New Jersey School-Building Agency Seeks Billions, But Its Future Looks Murky
(Bloomberg) -- As a New Jersey agency seeks to borrow billions of dollars to build more schools, its operations are under assault. The trouble may worsen today when its former chief of staff, accused of sexual assault, is asked to address a mystery that even Governor Phil Murphy says he hasn’t solved: Who hired you?
Created in 2007, the Schools Development Authority was meant to signal a fresh break from a predecessor agency that had wasted hundreds of millions of dollars complying with a court order to replace decrepit buildings in the state’s 31 poorest districts. Having nearly exhausted more than $12 billion in borrowing, the authority is leading a public-relations campaign for another funding round.
The agency’s future, though, has turned murky in recent weeks. Questions about its operations are so serious that New Jersey’s highest-ranking state lawmaker says the agency may be a liability to the state’s frail fiscal health -- and should be folded into the Economic Development Authority.
“Who’s going to lend us four or five billion?” Senate President Steve Sweeney said in an interview in his Trenton office, referring to a potential bond reauthorization total. “We’re in a real tough spot. We have a court order that says you have to build.”
New Jersey’s credit, second to Illinois’s for worst among U.S. state governments, had eleven downgrades by the three major ratings companies under Murphy’s predecessor, Republican Chris Christie. After Murphy presented his $38.6 billion spending plan for fiscal 2020 on March 5, he said in an interview that it could take years for the rating to improve, even with his planned back-to-back budget surpluses of more than $1 billion each and pension payments totaling $7 billion over two years.
The SDA’s financial image is only part of the problem. Its chief executive officer, a Murphy ally, is under scrutiny for personnel decisions that critics say amounted to a patronage hiring spree. And at a hearing in Trenton today, a legislative panel will try to sort out an earlier, unrelated staffing move: Who hired a former Murphy campaign worker to be the authority’s chief of staff, despite allegations of sexual assault against the aide.
The select oversight committee expects to question Albert J. Alvarez. He resigned in October, as the Wall Street Journal was readying a report alleging that Alvarez had been accused of sexual assault, though he was never charged. The accuser, Katie Brennan, chief of staff for the New Jersey Housing and Mortgage Finance Agency, said the incident had taken place in April 2017, when the two were campaign workers.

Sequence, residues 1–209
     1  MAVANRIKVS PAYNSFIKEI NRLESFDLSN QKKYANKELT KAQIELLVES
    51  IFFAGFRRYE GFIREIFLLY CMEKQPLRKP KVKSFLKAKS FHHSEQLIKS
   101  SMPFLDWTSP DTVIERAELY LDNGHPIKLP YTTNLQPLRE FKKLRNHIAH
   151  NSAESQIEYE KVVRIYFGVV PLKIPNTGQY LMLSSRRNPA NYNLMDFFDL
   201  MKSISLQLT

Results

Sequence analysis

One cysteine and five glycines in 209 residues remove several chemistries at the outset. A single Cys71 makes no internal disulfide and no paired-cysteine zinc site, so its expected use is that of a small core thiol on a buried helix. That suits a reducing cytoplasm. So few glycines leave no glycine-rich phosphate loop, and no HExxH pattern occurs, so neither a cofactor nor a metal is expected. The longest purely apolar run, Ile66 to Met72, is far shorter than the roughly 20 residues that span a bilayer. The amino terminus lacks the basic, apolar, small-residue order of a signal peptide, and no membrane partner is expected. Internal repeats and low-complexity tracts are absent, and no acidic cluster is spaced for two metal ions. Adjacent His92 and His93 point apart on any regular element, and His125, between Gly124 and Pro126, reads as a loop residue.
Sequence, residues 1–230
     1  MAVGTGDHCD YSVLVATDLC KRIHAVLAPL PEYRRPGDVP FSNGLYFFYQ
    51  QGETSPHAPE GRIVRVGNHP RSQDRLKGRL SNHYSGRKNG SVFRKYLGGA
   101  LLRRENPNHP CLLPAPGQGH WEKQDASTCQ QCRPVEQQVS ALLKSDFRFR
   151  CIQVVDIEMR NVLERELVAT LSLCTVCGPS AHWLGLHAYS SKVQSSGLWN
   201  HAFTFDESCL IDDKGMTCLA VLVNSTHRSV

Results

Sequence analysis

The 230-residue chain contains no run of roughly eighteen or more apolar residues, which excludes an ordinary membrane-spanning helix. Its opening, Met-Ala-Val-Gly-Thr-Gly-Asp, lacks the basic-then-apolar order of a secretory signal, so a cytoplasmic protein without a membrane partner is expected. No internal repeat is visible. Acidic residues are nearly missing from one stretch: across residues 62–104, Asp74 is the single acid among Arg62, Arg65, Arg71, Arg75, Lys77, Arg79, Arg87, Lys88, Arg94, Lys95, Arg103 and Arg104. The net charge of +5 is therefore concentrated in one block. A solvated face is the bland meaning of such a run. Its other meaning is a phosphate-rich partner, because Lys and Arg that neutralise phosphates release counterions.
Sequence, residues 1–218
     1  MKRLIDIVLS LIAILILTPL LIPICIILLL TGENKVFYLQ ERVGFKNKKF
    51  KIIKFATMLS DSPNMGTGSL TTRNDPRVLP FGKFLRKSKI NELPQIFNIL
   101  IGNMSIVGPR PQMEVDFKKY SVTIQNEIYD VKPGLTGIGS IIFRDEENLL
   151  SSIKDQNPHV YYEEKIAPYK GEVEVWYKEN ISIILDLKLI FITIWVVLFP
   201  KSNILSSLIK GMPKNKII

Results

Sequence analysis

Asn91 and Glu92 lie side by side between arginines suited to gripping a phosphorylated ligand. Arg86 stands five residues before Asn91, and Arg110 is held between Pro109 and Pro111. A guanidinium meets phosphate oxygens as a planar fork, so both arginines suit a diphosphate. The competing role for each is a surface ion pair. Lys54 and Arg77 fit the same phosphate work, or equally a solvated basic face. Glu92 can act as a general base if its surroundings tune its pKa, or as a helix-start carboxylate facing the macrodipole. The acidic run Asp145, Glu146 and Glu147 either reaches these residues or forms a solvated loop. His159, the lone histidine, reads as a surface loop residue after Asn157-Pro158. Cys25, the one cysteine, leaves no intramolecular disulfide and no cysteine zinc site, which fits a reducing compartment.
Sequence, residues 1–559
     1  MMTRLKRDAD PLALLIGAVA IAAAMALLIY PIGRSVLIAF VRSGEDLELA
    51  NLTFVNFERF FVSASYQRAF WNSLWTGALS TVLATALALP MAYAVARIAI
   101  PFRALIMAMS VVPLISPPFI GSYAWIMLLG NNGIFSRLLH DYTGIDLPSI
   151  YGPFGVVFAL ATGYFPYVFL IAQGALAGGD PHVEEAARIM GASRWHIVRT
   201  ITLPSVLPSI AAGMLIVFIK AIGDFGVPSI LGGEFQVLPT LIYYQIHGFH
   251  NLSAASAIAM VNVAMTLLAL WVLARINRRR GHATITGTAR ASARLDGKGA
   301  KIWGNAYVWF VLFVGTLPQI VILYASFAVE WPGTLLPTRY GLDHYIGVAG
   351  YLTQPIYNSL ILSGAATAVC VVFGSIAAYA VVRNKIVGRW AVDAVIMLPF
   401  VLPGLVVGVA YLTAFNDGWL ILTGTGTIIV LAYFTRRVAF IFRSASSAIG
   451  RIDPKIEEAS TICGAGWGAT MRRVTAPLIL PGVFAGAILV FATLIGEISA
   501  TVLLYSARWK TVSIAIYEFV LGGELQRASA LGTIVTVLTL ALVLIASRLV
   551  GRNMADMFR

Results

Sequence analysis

Citing reports of its “improper hiring and promotional practices,” Murphy’s administration set a March 15 deadline for its state-run peers to detail three years of their own staff changes. A champion of the #MeToo movement for survivors of sexual abuse, Murphy has expressed empathy for Brennan. In the wake of her story, he enacted rules about how the state handles sexual-misconduct reports.
In December, Brennan told lawmakers that she had reported the matter to law enforcement and transition officials, and even contacted Murphy. Still, she said, Alvarez had been hired. He then resisted the administration’s eventual request for him to resign and left only when her story was about to be published.
Alvarez has denied any wrongdoing. Prosecutors in Hudson County, where the assault was reported to have taken place, declined to file criminal charges. The Middlesex County Prosecutor’s Office, which reviewed the Hudson investigation by order of Murphy’s attorney general, in January also declined, citing “a lack of credible evidence and corroboration that a crime was committed.”
At today’s hearing, Alvarez isn’t expected to testify about the Brennan matter, according to Senate Majority Leader Loretta Weinberg, co-chairwoman of the legislative committee. He will be asked, though, who hired him.
Murphy has said he doesn’t know, as have some of his most trusted advisers, including Jose Lozano, who was his transition’s executive director; Pete Cammarano, Murphy’s former chief of staff; and Peter Verniero, a former New Jersey Supreme Court justice whose law firm was hired by Murphy to review hiring practices, including who elevated Alvarez.
“It’s an educated guess on my part,” Weinberg said. “But if anyone knows, it’s Alvarez.”
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